“I am absolutely shocked to hear of the death of Pius Njawe, a pioneering journalist and IPI Press Freedom Hero whom I have known for many years as a brave and tireless campaigner for press freedom in Africa. Pius, as the founder and editor of Le Messager in Cameroon, was arrested over 30 times for his newspaper’s independent and critical reporting in that country. I was so looking forward to meeting with him once again at the September Congress of IPI, which will honour the 60 World Press Freedom Heroes, and to share views about the current state of the media in Africa. He will be sorely missed, but leaves behind a legacy of self-sacrifice, bravery and journalistic commitment for others to emulate.

My thoughts are with his family and all those who worked closely with him. Rest in peace, Pius.”

- Gwen Lister, Editor, The Namibian and IPI World Press Freedom Hero, Namibia

I am very sad knowing that Pius Njawe died in a car accident just outside Washington DC.

I also feel regretful of not being able to see him when he came to Washington DC due to my travelling out of town, and now realizing that it would have been the last time I would see him. I have known Pius for many years since the first time I met him in Lebanon in 1999 and I can never forget the good feeling he left in me after each meeting with him. He always makes others feel joyful, self-confident and full of energy. I miss him so much and I believe we all have lost an international life-long defender of press freedom.

- Doan Viet Hoat, Ph.D., Chairman, International Institute for Vietnam and IPI World Press Freedom Hero, Vietnam

“I salute a great journalist who faced a brutal regime with enormous courage and dedication to media freedom. I first met him when he was in the dock of a Douala court awaiting the outcome of an appeal against a two-year jail sentence for “publishing false news about President Paul Biya”.  I was there as an IPI and WPFC representative making a plea for a pardon which was granted six months later. He cheerfully disregarded the formality of the court proceedings droning around us and shook my hand as I leaned over the dock from the crowded public gallery and handed him a copy of the plea. On the many occasions I met with him afterwards he showed the same unflinching courage in defence of Press freedom accompanied by that boisterous sense of humour that always singled him out in company. I am deeply saddened but privileged to have known him.”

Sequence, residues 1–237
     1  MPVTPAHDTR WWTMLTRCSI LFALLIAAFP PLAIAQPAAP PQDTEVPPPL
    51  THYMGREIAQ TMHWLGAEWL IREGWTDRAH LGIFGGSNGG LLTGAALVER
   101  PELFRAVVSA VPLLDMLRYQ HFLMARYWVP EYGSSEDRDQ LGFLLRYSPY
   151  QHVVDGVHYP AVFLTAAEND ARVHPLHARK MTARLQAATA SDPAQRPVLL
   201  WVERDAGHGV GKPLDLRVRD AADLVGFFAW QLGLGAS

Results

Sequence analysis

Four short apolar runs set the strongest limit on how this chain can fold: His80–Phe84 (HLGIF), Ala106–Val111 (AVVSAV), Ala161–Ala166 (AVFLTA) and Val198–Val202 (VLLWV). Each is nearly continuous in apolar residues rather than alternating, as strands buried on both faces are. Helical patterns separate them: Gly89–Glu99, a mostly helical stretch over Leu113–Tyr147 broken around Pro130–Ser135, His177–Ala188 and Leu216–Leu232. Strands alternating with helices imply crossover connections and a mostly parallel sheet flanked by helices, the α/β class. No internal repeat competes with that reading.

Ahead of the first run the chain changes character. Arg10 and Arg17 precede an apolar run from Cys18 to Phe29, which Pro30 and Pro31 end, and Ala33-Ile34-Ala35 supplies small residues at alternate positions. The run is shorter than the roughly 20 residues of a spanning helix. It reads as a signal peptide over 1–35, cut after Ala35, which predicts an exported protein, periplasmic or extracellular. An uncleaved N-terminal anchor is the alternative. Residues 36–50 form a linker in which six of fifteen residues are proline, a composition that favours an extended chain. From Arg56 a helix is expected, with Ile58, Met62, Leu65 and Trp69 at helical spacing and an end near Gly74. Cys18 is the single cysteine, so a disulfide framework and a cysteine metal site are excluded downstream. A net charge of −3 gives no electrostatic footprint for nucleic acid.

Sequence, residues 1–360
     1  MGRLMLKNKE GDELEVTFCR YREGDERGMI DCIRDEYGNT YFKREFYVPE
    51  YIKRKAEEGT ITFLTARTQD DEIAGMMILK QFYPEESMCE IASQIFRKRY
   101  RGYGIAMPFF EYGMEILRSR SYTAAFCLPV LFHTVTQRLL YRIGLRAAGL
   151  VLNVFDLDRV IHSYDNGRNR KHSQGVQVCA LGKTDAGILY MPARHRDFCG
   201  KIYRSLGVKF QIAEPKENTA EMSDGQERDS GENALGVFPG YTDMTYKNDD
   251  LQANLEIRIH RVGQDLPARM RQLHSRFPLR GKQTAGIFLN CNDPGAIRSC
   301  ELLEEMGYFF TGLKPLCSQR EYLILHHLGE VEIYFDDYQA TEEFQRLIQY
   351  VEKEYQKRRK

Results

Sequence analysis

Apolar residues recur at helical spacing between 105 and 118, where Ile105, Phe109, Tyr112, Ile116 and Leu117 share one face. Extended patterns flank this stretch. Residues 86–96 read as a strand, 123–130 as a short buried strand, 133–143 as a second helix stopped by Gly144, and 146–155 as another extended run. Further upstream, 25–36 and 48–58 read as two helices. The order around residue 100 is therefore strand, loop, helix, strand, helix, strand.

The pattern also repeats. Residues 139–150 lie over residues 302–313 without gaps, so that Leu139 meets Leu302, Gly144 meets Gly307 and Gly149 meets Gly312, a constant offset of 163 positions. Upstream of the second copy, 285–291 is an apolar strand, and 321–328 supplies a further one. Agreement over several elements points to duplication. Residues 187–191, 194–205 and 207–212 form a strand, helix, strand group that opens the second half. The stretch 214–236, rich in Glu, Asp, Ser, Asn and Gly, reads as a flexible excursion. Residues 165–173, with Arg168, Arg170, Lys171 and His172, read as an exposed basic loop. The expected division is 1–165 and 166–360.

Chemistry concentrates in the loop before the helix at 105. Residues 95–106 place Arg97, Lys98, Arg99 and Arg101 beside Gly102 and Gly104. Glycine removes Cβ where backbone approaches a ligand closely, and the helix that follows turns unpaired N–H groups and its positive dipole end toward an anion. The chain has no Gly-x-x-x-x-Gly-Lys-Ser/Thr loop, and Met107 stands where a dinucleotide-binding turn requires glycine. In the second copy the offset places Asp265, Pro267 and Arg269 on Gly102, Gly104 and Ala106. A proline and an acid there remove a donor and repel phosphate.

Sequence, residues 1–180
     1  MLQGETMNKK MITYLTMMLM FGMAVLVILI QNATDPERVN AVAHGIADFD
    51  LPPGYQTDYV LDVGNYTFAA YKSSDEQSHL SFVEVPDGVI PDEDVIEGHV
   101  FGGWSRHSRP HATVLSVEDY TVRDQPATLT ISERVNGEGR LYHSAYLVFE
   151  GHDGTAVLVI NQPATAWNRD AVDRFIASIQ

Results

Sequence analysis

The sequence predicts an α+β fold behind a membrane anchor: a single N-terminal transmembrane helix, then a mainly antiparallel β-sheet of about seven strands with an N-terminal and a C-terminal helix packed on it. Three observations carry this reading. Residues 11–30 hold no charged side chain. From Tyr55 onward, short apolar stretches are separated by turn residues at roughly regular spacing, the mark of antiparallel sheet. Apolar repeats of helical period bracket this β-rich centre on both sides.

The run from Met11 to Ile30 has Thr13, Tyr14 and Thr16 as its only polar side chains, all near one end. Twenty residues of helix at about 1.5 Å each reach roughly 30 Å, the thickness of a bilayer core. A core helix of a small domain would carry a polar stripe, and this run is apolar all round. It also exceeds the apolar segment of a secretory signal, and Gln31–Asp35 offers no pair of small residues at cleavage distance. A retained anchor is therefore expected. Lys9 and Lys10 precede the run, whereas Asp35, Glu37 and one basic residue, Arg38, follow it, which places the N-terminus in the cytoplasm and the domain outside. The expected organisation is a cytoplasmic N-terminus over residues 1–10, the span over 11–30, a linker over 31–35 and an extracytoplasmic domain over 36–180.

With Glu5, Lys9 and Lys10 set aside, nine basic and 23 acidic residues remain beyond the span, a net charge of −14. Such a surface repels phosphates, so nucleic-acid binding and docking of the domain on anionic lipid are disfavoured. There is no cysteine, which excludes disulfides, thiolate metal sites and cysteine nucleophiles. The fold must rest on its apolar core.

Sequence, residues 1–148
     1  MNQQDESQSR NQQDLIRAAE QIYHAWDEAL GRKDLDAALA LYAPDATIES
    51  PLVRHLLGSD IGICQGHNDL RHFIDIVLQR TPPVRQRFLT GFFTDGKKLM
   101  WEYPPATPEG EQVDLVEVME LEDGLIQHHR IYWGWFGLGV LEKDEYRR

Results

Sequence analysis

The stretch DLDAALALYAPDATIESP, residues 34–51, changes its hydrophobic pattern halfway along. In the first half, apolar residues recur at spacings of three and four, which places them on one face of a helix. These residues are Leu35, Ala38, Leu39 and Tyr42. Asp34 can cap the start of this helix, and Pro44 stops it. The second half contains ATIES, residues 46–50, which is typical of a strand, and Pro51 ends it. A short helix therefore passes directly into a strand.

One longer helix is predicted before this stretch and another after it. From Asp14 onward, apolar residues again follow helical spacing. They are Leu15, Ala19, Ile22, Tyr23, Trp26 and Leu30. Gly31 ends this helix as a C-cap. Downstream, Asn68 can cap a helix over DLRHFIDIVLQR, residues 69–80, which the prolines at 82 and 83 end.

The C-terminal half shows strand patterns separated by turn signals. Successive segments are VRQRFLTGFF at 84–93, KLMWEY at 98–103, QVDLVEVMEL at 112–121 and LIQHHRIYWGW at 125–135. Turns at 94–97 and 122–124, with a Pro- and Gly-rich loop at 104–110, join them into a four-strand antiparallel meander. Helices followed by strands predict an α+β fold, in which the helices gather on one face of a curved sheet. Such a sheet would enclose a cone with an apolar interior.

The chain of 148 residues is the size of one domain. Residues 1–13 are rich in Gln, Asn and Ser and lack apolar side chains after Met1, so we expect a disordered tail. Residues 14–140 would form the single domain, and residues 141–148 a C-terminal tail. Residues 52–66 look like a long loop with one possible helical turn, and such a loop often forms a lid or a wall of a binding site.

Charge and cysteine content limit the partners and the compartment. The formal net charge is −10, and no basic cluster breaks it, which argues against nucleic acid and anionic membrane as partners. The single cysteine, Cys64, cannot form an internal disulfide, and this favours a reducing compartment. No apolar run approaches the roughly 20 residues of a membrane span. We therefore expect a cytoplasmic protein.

- Raymond Louw, Editor and Publisher, Southern Africa Report and IPI Fellow, South Africa

“I couldn’t be more shocked by the terrible news of the death of Pius Njawe. Pius embodied human qualities one would want in all our colleagues of the press. He was generous, kind, spontaneous, humorous, both intelligent and clever, and, above all, dedicated with moral and physical courage to truth and justice. His very presence in a room made those around him want to enter with joy in the fray for press freedom. He was not afraid to go to jail for his beliefs, and he was not afraid to speak out, even from his prison, against a dictatorial government. I had the honour to translate and distribute statements he smuggled out of his prison in Cameroon. He was an example for journalists in Africa and everywhere of a man willing literally to risk his all to advance freedom of the press. My heart goes out to his family. I will miss a dear friend. He was a very big man in every sense of the word.”

- Rony Koven, World Press Freedom Committee, United States

“The African media has lost a truly courageous individual whose bravery in the face of government intimidation served as an inspiration for other journalists in similar circumstances across the continent. The International Press Institute expresses its deepest sympathies at this particularly difficult and sad time.”

- David Dadge, Director, IPI, Austria